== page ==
ike all bands just out of the gate, Sitting Ducks continued to evolve. Spring and Summer saw the band gaining momentum and identity, the music taking a decidedly urban tone, more inclined toward Count Basie than Professor Longhair.
Inevitably, as things moved farther from his musical center, Kurt left for Boston, stretching himself even farther from New Orleans. Various personnel changes ensued, including the band's booking which was now partially handled by someone completely lacking that professional experience: me.
My qualifications were blind confidence and a simple willingness to do the job. Not everyone is so willing. Booking bands is one of the world's thankless and frustrating occupations. It's a cold-calling sales job. Your product is cheap and plentiful and your prospects (nightclub owners) are tough, miserly and unresponsive. From the other side of the coin, the musicians may be thankful to be working, but all too often there aren't enough gigs, the conditions on the ones you got didn't measure up to their hopes and the pay is never enough to go around.
But, I didn't know that. I thought simply, 'Cool. I'll get into management.' Besides, the band's singer, Judy Coughlin, was doing the lion's share anyway. How hard could it be? In truth, booking Sitting Ducks locally wasn't difficult. Charlottesville possessed a vibrant music scene. Bands were aplenty, as were places to play. One such joint was called Poe's.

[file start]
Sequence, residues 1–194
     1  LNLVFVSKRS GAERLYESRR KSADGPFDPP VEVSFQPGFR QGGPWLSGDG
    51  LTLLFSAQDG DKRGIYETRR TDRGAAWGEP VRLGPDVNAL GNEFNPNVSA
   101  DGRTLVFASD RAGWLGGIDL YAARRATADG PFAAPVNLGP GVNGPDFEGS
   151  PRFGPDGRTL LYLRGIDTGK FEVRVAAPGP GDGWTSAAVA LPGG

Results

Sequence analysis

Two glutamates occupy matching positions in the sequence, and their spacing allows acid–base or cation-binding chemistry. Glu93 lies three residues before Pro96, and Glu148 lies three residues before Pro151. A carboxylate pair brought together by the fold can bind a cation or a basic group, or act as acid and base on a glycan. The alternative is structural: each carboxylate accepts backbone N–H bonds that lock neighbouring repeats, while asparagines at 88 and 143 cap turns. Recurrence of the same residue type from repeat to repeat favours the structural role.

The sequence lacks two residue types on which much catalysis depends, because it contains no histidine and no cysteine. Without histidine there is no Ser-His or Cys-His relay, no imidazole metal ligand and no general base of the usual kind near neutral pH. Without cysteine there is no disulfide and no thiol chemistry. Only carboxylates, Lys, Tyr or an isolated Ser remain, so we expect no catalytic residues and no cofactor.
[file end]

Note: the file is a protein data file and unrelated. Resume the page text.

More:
Named for the famous writer who spent only ten months at The University, Poes was known for sloppy drunk U.VA-oriented parties. The club had recently changed hands and was experimenting with live music, trying to cash in on what was proving a lucrative venture for other clubs, places with names like The Mineshaft, Sandy's, and of course, The West Virginian. Poe's new owner, Frank had no experience serving-up live music, so he had a local kid named Jimmy booking the bands. Jimmy would steer Frank through the uncharted waters. What could happen? You pick a popular band, stick'em in the club, pay 'em a few hundred bucks and rake it in!
A professional secret: new clubs pay more. They're too new to have lost money on bad nights and aren't familiar with going rates. Also, they have no name recognition and think (mistakenly) they have to pay the bands more to get them to play there. Poe's was no exception. At a time when the band was playing for $120 to $175 (yes, for the entire band) Judy finagled a Friday night for a guaranteed $200, including an $80 deposit!
The gig bombed. A tiny crowd. The $2 cover charge did not nearly recoup the "high" guarantee. The logic is always crystal clear after the fact: Who wants to waste a Friday night on a place known for Thursdays, to see a band you can easily see somewhere else? Afterward, for better or worse it was time to take the money and run. A deal was a deal.